Abstract T P116: Impact of Serum Nutritional Status on Physical Function in African American and Caucasian Stroke Survivors
Difficulties with speech and cognition may interfere with obtaining accurate dietary records to assess dietary quality in those chronically disabled by stroke. Several serum biomarkers commonly found on general comprehensive chemistry panels (e.g. albumin, hemoglobin, uric acid, and lipids) may provide a surrogate clinical indication of nutritional risk when dietary recall is not valid. Thus, the purpose of this study was to determine whether serum nutritional markers differ by race and relate to physical function in stroke. Further, we sought to compare serum profiles in chronic stroke survivors with a representative sample of U.S. Adults (NHANESIII). Fasting serum samples were collected for analysis of lipids, hemoglobin, uric acid, and albumin in 145 African American (AA) and 111 Caucasian (C) stroke survivors (age: 60±1 years [mean±SEM]; BMI: 28 kg/m2). VO2max (N=159), six-minute walk (N=134), 30 foot timed walk (N=161), and isokinetic hamstring strength (N=91) tests were performed in subsets of stroke survivors. VO2max was “very poor” in 96% of stroke survivors and mean walking speed was 40% below recommendations for maintenance of functional independence. Lipids were less favorable in C than AA women stroke survivors (40% higher triglycerides (TG) and 11% lower HDL cholesterol; Ps<0.05). In contrast, serum albumin was 6% lower in AA than C women (P<0.05). Uric acid was ~10% lower in C than AA stroke survivors (P<0.05). These racial differences were similar to that observed in the reference sample, but HDL cholesterol, albumin, and hemoglobin generally were lower (Ps<0.05) in stroke. Lipids were more favorable (~20% lower total cholesterol and ~25% lower TG; Ps<0.01) in stroke, likely due to a high prevalence of lipid lowering medication usage (64%). Uric acid was related to six-minute walk time (r=0.16) and hamstring strength (r=0.20) in stroke survivors (Ps<0.05), suggesting that low uric acid qualifies as a marker worth monitoring in the context of predicting stroke-related functional decline. Although nutritional risk varies according to race in stroke, the racial differences appear similar to a representative U.S. non-stroke sample. Regardless of race, serum nutritional risk does appear elevated in stroke compared to the general population.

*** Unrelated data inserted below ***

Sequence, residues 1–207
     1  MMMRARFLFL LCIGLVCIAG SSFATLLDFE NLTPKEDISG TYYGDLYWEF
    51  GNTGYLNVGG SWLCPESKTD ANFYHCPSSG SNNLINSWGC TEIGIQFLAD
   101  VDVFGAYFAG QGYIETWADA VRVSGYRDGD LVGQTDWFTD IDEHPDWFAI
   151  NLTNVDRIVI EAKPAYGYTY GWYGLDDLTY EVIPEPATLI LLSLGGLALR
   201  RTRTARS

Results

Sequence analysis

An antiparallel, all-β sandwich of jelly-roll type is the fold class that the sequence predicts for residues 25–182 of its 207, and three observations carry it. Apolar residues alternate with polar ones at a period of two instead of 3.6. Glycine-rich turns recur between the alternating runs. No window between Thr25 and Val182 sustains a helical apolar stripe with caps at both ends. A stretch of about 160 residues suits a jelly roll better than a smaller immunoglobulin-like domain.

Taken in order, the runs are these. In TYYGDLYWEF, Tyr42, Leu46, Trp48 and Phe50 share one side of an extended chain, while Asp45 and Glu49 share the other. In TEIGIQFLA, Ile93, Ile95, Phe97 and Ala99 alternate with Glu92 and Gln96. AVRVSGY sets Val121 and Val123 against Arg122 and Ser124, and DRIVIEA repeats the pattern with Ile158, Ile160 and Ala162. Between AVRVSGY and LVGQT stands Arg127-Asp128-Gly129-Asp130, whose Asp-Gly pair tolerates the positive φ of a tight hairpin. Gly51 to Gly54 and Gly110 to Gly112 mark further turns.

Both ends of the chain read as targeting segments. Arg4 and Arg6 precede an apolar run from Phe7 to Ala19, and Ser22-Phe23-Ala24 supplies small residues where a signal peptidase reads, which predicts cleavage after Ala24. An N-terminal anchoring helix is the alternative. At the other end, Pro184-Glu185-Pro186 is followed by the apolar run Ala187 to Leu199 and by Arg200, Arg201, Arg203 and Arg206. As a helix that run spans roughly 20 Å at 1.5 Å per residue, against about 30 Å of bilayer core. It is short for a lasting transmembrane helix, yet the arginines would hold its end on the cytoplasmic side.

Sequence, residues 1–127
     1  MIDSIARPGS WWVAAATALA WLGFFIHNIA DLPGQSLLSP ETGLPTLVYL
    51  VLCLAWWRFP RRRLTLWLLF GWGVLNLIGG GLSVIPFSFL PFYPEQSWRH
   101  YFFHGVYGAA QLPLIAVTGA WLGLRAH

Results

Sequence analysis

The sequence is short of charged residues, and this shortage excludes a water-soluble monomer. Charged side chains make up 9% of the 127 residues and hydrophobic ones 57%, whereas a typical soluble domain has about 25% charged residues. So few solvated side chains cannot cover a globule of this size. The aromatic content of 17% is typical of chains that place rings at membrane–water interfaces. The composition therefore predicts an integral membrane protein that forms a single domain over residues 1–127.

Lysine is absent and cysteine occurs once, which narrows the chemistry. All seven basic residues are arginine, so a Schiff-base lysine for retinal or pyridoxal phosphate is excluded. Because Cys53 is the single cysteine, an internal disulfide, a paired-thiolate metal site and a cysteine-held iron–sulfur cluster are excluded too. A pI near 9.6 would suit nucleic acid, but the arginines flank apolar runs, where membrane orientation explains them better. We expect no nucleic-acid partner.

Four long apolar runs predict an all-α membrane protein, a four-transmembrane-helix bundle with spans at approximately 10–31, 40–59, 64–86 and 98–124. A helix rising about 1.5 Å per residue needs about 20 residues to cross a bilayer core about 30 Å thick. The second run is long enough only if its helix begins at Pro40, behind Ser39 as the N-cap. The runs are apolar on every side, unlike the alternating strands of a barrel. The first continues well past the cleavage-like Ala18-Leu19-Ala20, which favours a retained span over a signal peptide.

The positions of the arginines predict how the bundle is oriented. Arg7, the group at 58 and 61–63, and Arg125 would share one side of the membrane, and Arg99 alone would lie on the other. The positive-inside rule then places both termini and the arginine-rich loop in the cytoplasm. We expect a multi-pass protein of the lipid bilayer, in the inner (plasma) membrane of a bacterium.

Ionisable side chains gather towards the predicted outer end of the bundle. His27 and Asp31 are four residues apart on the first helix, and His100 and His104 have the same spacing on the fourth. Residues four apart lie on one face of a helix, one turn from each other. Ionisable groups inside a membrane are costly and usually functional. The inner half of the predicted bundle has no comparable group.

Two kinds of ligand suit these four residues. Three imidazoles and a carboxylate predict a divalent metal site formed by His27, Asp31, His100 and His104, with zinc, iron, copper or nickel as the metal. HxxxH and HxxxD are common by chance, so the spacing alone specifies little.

Author Disclosures: M.C. Serra: None. C.E. Hafer-Macko: None. F.M. Ivey: None. R.F. Macko: None. A.S. Ryan: None.
- © 2015 by American Heart Association, Inc.